On the eve of his journey to Africa, Mayor Marion Barry couldn't have made a more appropriate entrance to his bon voyage party. Led by two local drummers, playing a spirited ceremonial song from Guinea, Barry paraded onto the patio of Meridian House, where 150 friends were trying to give him as authentic an African send-off as possible.
"How do you like our version of 'Hail to the Chief'?" kidded Herbert O. Reid, the mayor's counsel, who entered with Barry, his wife, Effi, and a half-dozen African ambassadors. The effort for a genuine African mood extended to the buffet of ground-nut chicken and cous cous and the going away gifts, a straw hat for Effi Barry, and a hand-dyed dashiki for Barry, who was once identified according to whether he wore one of the traditional shirst or not.
"I've tried to contain my excitement but I'm delirious," said Effi Barry, as the drums and conversation temporarily stopped. The Barrys leave this afternoon for a five-nation, 16-day tour, their first official trip abroad and their first visit to Africa.
The impact of this trip, agreed two veteran African specialists and one ambassador, went beyond the scheduled economic talk and presidential summits to simple visibility. "Sending a prominent American official to Africa further identifies our concerns with African interests," said Richard Moose, assistant secretary of State for African affairs. Paul Bonami, the Tanzanian ambassador, added, "The one important thing to establish is a rapport."
Rep. Charles Diggs (D-Mich.), a leading expert on Africa, said, "The impact can't be measured. The question of being there is just so important. I argued for Marion to go to South Africa and don't worry about the impact of the whites but think about the 80 percent blacks. You have no idea what just the presence can mean to them. They even tore my shirt off in the street." The Barrys will visit Liberia, Senegal, Kenya, Tanzania and Zambia.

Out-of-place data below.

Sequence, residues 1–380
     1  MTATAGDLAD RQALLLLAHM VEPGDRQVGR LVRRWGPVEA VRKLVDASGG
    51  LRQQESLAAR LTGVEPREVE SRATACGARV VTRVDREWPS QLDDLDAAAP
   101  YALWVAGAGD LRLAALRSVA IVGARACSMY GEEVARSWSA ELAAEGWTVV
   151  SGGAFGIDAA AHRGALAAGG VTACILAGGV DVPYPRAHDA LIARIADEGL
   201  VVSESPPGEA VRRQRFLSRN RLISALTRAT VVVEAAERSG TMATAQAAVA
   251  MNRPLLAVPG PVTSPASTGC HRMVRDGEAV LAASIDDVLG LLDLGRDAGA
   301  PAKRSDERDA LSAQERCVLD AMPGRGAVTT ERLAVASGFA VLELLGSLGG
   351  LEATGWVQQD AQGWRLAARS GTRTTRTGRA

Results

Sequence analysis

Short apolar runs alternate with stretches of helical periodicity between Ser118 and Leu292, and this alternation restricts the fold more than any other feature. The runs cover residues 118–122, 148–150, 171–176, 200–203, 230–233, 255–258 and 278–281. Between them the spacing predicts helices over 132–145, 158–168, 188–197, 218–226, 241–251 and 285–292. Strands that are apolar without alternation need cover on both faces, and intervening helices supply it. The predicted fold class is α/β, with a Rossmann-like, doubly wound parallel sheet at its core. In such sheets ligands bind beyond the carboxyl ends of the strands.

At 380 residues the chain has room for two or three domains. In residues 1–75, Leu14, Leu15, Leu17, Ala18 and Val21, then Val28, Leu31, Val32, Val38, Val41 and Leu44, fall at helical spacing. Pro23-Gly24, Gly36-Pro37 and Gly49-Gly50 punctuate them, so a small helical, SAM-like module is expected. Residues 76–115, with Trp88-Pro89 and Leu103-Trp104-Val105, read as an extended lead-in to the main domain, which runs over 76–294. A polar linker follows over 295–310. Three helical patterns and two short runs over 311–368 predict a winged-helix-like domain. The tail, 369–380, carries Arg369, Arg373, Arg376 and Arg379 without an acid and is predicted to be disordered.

Ambassador Timothee Ahoua, of the Ivory Coast, the dean of the African diplomatic corps, and said the ambassador's briefing of the Barrys stressed political and development issues. "I stressed economic development because I am sure every head of state will talk about economic exchange," said Ahoua. Barry expressed surprise at the warnings of the ambassadors that their countrymen would challenge the depths of concern of black Americans for African issues. "I hope to give a better feeling for what black Americans truly feel because it is a commitment," said Barry.
As the line for the buffet wound through two rooms of the elegant French townhouse, Barry was deluged with last-minute advice. Joseph Kennedy, director of international development of Africare, who returned from Kenya four days ago, said, "I told Barry one of the most exciting experiences would be witnessing Kenya after Kenyatta. It's a progressive experience." CAPTION: Picture, Mayor Marion Barry (right), by Ken Feil - The Washington Post